A recent shoulder injury led me to a struggle with my training regime. Injury always does pose a challenge to consistency and continuation of your normal physical regime. As a ballet master once said to me, "injury is a chance to learn more about how to use your body, better and more efficiently". SO, after spending a few weeks feeling sorry for myself and letting motivation swing wildly in the wind, I decided to shake everything up and throw a new element into my lax mix of sports preparation.
As a therapist, I can't do what I do 5 days a week without keeping myself in some physical condition. Changing up regimes and types of training is something that I have had the good fortune of enjoying since retiring from performing 5 years ago. It was crystalised by my introduction to CrossFit and the immense challenge of doing things I never thought I could achieve (like a rope climb). I can now 'try' different things with much more abandon without fear of 'playing with the balance' too much that was required as a dance practitioner. I can 'push the envelope' without being too precious.
So in this spirit of 'optimum physical competency' which encourages always adapting and exploring new methods of training, I have taken it on myself to find 4 x workouts for the month and experience how I can change up my 'normal' training. And hopefully shake up my fitness and my injury at the same time. I decided to select workouts prescribed by magazines and general fitness publications to see how we can find motivation and variation by reading the most readily available information. Whilst having a trainer is great for ideas and technique, we all have the power to make the decision to try something 'new'.
Week 1 - Medicine Ball (Colin Gentry - Attitude Magazine UK)
Russian Twists / Squats (overhead) / Sit Ups / Press Ups / Bicep Curls / Deadlift 10 reps x 5 sets Time - 20:22
The first thing that strikes me in this challenge is doing everything with a spherical object. Removing the ability to actually grip something with your hands, means you have to utilise core and stabilisation muscles in the shoulders that leads to a whole new way of working. This is excellent for people who have issues with 'niggly' shoulder injuries that need stabilising or activation of supportive structures. Doing a bicep curl with a 8kg medicine ball means you have to achieve balance and stability through the shoulder structure before you can begin the first motion of a curl. As well as a challenge its actually rather hilarious as you try to balance a ball and touch it to your shoulder without dropping it rather heavily. Even with music blaring, this is embarrassing enough for people to turn around and wonder exactly what it is you are trying to do.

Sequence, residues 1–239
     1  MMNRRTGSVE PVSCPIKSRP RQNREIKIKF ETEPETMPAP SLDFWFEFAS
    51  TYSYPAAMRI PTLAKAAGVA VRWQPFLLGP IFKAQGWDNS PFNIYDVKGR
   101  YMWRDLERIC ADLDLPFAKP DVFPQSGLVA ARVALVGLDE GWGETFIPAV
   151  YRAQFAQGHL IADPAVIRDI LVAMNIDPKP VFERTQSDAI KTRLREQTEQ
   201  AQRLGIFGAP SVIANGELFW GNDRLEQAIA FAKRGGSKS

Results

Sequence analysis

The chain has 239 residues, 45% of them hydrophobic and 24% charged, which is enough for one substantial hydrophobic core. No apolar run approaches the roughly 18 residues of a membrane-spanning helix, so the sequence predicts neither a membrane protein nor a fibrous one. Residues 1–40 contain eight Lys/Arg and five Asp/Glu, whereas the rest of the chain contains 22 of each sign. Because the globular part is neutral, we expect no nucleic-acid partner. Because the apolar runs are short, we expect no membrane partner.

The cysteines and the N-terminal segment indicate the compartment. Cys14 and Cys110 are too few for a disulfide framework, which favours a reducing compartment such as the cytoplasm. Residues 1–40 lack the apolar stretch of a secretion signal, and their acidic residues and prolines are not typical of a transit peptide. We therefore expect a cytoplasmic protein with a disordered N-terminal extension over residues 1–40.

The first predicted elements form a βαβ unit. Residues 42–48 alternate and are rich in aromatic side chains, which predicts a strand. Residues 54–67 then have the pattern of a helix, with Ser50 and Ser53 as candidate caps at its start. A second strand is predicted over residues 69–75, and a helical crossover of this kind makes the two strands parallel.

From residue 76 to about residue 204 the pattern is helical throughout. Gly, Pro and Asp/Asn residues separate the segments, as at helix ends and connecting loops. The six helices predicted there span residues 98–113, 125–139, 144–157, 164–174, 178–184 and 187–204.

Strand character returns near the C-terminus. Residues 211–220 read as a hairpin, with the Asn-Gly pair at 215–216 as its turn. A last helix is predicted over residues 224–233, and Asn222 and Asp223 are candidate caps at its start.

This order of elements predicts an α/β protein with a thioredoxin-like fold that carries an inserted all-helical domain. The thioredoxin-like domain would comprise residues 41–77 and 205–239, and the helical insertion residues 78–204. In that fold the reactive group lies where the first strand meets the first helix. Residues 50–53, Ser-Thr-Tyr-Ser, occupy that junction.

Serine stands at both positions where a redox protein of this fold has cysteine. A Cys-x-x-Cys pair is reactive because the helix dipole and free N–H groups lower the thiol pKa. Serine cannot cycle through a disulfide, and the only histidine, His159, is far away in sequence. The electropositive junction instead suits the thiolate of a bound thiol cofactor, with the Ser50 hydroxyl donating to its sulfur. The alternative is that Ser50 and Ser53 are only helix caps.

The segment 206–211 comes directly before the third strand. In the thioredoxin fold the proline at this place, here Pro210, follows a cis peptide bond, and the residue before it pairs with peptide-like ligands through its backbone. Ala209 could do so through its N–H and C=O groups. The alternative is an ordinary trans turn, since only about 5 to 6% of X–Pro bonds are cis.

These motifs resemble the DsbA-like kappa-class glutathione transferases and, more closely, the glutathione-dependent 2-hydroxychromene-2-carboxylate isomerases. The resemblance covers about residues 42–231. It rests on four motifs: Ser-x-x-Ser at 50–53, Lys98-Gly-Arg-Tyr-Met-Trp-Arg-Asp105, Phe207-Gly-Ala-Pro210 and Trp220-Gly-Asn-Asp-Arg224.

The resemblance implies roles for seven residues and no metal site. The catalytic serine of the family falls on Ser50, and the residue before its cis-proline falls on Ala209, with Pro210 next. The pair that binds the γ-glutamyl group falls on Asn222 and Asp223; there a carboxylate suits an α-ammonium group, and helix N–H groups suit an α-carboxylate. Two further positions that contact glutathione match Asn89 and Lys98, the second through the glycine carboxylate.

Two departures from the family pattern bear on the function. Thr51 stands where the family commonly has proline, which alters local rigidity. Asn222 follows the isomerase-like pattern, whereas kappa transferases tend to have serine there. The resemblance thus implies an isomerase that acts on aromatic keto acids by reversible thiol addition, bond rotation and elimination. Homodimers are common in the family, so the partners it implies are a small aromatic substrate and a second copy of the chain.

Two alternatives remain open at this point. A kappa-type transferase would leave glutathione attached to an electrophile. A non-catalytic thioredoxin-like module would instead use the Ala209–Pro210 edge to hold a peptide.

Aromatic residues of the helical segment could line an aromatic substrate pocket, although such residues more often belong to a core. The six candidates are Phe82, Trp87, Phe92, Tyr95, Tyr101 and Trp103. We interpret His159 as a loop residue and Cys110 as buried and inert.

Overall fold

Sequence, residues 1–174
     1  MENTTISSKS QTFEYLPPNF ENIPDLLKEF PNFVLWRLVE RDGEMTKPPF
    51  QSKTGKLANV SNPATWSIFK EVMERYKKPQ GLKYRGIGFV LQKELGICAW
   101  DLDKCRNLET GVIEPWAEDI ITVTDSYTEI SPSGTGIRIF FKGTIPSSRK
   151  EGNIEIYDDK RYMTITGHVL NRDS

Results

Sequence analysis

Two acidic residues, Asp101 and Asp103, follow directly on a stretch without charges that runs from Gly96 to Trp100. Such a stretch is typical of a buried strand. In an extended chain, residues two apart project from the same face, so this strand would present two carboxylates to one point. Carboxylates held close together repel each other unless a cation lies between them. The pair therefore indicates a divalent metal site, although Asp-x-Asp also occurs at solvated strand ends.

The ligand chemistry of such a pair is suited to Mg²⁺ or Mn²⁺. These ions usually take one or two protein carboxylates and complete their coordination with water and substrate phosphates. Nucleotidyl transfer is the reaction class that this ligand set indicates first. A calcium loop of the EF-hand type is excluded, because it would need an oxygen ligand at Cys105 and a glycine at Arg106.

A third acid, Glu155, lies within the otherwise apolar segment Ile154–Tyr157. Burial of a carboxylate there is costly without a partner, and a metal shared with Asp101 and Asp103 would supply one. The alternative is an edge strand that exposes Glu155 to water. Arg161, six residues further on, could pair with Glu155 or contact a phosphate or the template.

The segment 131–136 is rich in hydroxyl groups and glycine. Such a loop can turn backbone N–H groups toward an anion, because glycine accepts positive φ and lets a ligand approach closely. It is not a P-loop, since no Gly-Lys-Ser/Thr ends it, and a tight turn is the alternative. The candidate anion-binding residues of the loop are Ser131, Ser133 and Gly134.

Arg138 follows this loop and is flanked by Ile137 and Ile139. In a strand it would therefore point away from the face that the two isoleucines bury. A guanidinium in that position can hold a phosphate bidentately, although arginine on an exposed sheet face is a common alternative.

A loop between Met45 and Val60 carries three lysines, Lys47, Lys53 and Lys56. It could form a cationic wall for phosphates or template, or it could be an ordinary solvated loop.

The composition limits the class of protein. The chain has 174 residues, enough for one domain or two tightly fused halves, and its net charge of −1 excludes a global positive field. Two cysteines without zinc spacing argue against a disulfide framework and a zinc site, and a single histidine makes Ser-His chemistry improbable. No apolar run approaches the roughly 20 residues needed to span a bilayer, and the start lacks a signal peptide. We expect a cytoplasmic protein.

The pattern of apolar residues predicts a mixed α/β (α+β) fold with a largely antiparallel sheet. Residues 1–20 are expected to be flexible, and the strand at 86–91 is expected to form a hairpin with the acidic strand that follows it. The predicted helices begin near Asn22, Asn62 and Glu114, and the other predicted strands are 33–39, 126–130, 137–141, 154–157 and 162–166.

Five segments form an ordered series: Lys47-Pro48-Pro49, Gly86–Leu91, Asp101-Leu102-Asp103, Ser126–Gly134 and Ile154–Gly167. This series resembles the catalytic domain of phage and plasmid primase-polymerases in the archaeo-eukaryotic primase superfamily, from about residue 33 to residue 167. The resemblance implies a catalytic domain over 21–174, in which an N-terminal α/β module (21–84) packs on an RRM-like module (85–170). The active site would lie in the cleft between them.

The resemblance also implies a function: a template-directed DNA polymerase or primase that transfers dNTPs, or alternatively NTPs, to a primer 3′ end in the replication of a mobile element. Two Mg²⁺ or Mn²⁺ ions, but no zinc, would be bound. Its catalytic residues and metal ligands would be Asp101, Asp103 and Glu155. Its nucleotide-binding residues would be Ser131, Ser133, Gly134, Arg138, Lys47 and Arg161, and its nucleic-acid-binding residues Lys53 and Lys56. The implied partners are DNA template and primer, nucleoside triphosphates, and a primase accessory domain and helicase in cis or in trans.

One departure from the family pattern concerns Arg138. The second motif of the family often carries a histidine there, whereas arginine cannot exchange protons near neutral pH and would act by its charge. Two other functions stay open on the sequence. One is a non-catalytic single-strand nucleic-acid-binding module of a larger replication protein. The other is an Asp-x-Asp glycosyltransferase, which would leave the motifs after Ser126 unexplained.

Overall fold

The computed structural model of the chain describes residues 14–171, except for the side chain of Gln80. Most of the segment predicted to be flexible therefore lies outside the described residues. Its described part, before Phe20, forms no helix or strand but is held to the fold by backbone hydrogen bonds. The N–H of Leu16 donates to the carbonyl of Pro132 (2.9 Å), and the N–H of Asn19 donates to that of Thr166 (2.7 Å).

I worked a few adaptions into the regime as some of the exercises i felt could result in poor form. Its always ok to adapt a regime for your own purpose. Stabilty was paramount and nothing that was going to stress my shoulder was paramount. The squats seemed a little 'soft' so I introduced the overhead squat to maximise my shoulder involvement and work the stabilising nature of the upper torso. Instead of doing a press with a medicine ball, I introduced a ball throw from the chest. With my shoulder feeling ok, (after some specific lateral activation and pectoral release in previous weeks) the throwing nature of the exercise was helping to recruit the 'power' of pectoral strength whilst reinforcing scapula stabilisers that will target the ballistic nature of movement needed for my specific sport needs. (volleyball) The deadlift demonstrated by the workout encouraged a forward motion of a medicine ball. I felt this didn't work my back safely and placed too much stress on the hamstrings to stabilise the pelvis, so back to a medicine ball 'swing' (aka Kettle bell swing done with medicine ball). And yes - full Russian style to overhead.
Whilst not being a hugely 'pumping' circuit, the nature of stabilisation made me work my body in a very supportive nature, stabilising through my core and using my shoulders without overtaxing them. The overhead squat was a great one as you are required to hold the ball aloft whilst performing a complete squat. (arse to the floor) It was a well balanced regime with most body parts being worked in the series. I chose to go from 2kg - 10kg balls in each successive set. Everything was ok excepting the bicep curl (which I failed miserably at to hold when I reached 10kg) and the overhead sit up, where you have to suspend the ball over your head as you do a full sit-up. The great element was that I worked cardiovascularly as well as recruiting some shoulder activation.
The best bit was I thoroughly enjoyed myself. That same sense of trying something I had not done before and focussing on achieving it and perfecting it meant that I was stimulated with a new workout. I noticed that I had lost a lot of my ability to perform a full squat with arms perfectly overhead with no bar to stabilise against. Sometimes the simplest movement reveals the most obvious weakness. I may even try this one again but maybe do a few more rounds.
Next week - Worlds Most Efficient Workout?